I woke up this morning at 5am and decided that I would start a blog about my experiences – good and bad – relating to my involvement (for the last 10 or so years) in the wonderful world of photography and photographic competitions.  

Recently I have commented via Facebook on a couple of photo related competitions and had a tremendous amount of feedback about those “blogs”. Most of the comments came as private messages because the senders felt “too scared” (their words not mine) to post it on the thread “for all to see” and I have to admit I have been really saddened by this fact. Why do people feel so intimidated ? Why are they so reluctant to leave a comment?  Are they frightened of reprisals or feel that a mark will be put against their name as a trouble maker or moaner?

I have met some fabulous people who are now some of my closest friends and who I would never have met unless I had bought a camera and entered competitions, I am so thankful that they came into my life. I have  also had the misfortune to cross the path of  some of the most mean spirited and some would say, vindictive people in the photographic world … but luckily these days I never need to engage with them very often, if at all… phew.

So now that I have finished my quest for photographic distinctions and have nothing to lose (unless the powers that be decide to rip the badge off my blouse and tear up my certificate and stamp on it)  I feel that I can share my views with you.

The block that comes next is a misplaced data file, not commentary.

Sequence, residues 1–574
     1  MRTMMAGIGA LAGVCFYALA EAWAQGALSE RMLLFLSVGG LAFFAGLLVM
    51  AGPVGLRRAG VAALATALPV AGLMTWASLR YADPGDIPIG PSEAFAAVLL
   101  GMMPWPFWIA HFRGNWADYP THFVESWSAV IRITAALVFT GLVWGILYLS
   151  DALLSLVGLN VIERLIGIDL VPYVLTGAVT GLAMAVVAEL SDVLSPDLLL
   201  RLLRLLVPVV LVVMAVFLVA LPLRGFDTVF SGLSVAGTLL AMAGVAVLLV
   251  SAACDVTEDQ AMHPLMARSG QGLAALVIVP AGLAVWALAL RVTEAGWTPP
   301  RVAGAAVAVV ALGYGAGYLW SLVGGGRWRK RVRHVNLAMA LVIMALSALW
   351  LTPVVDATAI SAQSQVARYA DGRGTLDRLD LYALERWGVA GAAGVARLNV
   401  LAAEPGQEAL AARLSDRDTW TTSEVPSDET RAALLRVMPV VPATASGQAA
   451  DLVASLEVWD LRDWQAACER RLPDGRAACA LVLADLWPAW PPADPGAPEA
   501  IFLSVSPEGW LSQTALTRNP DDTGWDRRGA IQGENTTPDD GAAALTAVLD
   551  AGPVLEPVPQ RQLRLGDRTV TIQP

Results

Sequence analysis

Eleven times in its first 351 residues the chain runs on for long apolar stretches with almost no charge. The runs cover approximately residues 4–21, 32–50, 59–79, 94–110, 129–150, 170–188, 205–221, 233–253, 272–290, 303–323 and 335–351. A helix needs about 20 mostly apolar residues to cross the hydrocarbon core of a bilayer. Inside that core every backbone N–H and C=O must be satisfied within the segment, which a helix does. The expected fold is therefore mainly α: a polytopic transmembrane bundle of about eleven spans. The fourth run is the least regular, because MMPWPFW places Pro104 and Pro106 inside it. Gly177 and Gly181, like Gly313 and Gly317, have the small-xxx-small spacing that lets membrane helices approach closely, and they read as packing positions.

To be honest it was  a struggle in the beginning of my photographic comping quest,  I made a lot of mistakes – (more of that later) and I hope on reading my blog regarding my gaffs you might learn from it and not make that mistake yourself.  The struggle still continues….. but for a different set of reasons.  I have started asking questions now on behalf of others who are reluctant to seek  clarification regarding rules and regulations that are either not transparent or somewhat sketchy .

So,  I feel its time to relate my personal experiences and I hope you will come along for the ride. I promise there will be lots of highs and an equal amount of lows and perhaps I might entertain you along the way, at least for a for a little while.

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First Sneak Peek from My Latest Studio Shoot

So, here is a sneak preview of one of my new studio based images from last weeks shoot -It is just a small part of a larger portrait.

The other portraits are very much “themed” based and owe much of their impact to the various costumes worn by the model – I will upload some more in the coming days/weeks.

These pictures celebrate my return to ‘proper” photography and sees me right back were I started, in a studio photographing amazing people.